Keep On Truckin’

Remember when those words arrived?  Boy, I sure do.  Suddenly it became the official signing-off expression for a generation of people, mostly young, who saw it as part of the newspeak that demarcated the old generation from the new.  Music, the environment, openness about sexuality,  education, and a language that captured the feel of these changes in flexible jargon launched a thousand ships in a thousand new directions.  Keep on truckin’ swiftly emerged as the new way of saying today’s, “Have a good one.”   Robert Crumb, comics writer and the creator of the line, was the most surprised man in popular literature when it took off in everyday parlance.  I hadn’t heard it for a long time until just the other week.  Someone threw me the phrase as I pulled away from a gas pump in – what else? – my pickup truck.

This isn’t any old pickup I rumble around in.  Note the key words in that.  Old and rumble (No, don’t call me old.  That would be disrespectful.  Keep your attention on the truck).   Back in my college days I worked hard for the money.  I suppose I still do.  Regardless, I thought I’d capitalize on my propensity for hard physical labour and buy a used pickup to work more jobs; things like painting houses or moving furniture.  It worked.  Though already ten years old when I bought it, my highly prized 1966 Chevrolet 1/2 ton truck went straight to work, hauling everything from car engines to horse manure.  I built a rack and carried great extension ladders.  In college I drove into Chicago in the dead of night to pick up the student newspapers at the printing house.  Once I hauled two gravestones.  How I got those heavy buggers into my truck using only my muscles still leaves me in amazement.   And if you’re wondering (and I know you are), someone else handled the bodies, though as an enthusiast for life’s experiences I’d have loved the job.

The face of 1966.  No AC, no power steering, no nothing.  Just a truck. Copyright James V. Michalec 2015

The face of 1966. No AC, no power steering, no nothing. Just a truck.
Copyright James V. Michalec 2015

 

The extra cash from all these missions got me through school with a buck to spare.  Along the way, I learned a trove of useful mechanical skills in taking care of it.  From spark plug gaps to brake shoes to starter motors I knew it all.  What a good and faithful machine that truck was, never letting me down.  What’s fun about it is that it still is.

Fate conspired in a curious way.  Every time I thought the moment had arrived to move the truck along, I needed it again.  Then my friends needed something moved.  Then I needed to be moved.  The process repeated itself over and over.  Everywhere I moved, it moved with me – or rather, it moved me and my things.  Like a dog given to a boy in fourth grade and following the growing youth straight through high school, the truck did the same for  me, and more.  Whenever I glanced in my side view mirror, there was my truck following me.  Great pals we became.  Inseparable.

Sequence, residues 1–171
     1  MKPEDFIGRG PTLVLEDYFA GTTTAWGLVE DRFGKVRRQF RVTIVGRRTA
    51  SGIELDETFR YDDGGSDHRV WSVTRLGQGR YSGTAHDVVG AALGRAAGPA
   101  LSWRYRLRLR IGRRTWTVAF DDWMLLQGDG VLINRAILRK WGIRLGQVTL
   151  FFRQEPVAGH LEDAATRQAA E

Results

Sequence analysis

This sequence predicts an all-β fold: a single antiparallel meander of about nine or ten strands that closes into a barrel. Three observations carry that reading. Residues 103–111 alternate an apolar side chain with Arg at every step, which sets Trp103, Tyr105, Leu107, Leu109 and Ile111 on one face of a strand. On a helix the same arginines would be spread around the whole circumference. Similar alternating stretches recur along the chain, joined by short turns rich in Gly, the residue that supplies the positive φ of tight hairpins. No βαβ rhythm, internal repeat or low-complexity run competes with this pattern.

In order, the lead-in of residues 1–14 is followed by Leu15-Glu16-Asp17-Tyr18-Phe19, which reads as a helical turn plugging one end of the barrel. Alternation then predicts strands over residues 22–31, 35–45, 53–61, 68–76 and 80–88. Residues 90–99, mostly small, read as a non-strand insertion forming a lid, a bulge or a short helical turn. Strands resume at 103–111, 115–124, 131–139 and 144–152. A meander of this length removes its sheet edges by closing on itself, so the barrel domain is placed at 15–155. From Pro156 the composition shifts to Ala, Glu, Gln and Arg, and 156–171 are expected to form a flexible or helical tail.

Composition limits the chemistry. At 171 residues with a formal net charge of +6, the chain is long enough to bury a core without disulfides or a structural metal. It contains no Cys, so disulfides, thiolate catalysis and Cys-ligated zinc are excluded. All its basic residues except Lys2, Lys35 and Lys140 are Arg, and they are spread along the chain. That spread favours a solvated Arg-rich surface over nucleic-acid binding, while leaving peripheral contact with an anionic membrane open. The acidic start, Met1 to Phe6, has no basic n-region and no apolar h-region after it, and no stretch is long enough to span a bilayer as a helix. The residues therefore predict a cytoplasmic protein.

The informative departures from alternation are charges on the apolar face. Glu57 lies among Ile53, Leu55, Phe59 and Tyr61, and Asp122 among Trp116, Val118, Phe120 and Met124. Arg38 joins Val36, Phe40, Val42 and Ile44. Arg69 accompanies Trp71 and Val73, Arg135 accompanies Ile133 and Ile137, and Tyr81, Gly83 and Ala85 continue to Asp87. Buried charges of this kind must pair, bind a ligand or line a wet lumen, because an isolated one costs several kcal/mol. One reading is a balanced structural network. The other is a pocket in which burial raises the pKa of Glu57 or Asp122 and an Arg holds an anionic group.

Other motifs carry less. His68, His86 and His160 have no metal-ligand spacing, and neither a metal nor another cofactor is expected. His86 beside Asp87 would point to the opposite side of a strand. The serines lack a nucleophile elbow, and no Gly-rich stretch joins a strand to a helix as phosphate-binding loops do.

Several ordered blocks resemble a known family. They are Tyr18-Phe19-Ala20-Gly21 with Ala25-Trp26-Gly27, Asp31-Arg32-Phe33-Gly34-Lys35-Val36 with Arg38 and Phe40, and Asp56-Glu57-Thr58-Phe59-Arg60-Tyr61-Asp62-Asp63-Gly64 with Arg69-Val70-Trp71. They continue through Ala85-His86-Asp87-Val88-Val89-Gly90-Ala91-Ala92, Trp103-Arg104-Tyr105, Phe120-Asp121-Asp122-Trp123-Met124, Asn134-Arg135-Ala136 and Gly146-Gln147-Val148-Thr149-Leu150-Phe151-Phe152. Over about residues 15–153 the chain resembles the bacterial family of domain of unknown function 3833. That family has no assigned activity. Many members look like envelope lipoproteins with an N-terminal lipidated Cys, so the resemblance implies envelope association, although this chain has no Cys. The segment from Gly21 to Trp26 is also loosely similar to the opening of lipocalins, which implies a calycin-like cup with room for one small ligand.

A sideview rearview.  The truck that always followed me. Copyright James V. Michalec 2015

A sideview rearview. The truck that always followed me.
Copyright James V. Michalec 2015

While my white-wall bias ply tires have spun the odometer very slowly for many years, the complaints I hear on the new machines on the market mount.  Something about changing technology, I’m led to believe.

“Where’s your truck, Slim?

“In the shop again.  Computer trouble.”

“No foolin’!”

“No foolin’.  It’s costing me a fortune.  Only the dealer can fix it.”

‘That’s a real shame, Slim.”

“You got that right brother.  You want to sell your truck?”

Silence.

Almost half a century and still on the job. Copyright James V. Michalec 2015

Almost half a century and still on the job.
Copyright James V. Michalec 2015

When I drive this old beast around, it’s as if time suddenly stands still.  To me, it’s just me in my old truck again, the two of us off on another errand.  Yet all along the ride people stare or wave, while others honk a horn.   As a conversation piece the truck is priceless.  Men and women of all ages can’t resist saying something about it.  For women, it’s usually, “Love your truck!”  For the guys, I often hear, “I had one of those!”  or, “Want to sell it?”  How odd, I think to myself.  This is just my truck.  Nothing’s changed that much except that there’s no luster in the paint and it drips a little oil.  OK, I’m a little older, too,  and I wear Woolx now (see, I’m up with the times).  But through the windshield I do see a changed landscape.  I’m not the unusual one.  No, no.   It’s all those people out there, driving in cars and trucks that all look the same, behind tinted windows with satellite wifi, all the subzero air-conditioning on, working GPS systems while racing past me to the their destinies.

“Hey!  What year is that truck?”  the man asks me at the gas station.  I tell him.  I also tell him it’s the first vehicle I ever bought.  “Whoa!” he exclaims.  “That’s amazing!”

“Yeah.  I sure didn’t plan it this way.  Every time I thought I’d sell it, I needed it again.”

“Well, if you ever want to sell it, just tell me.”

“No.  I’m keeping it for now.”

“OK,” he says.  “Just take care of it.  And keep on truckin’!”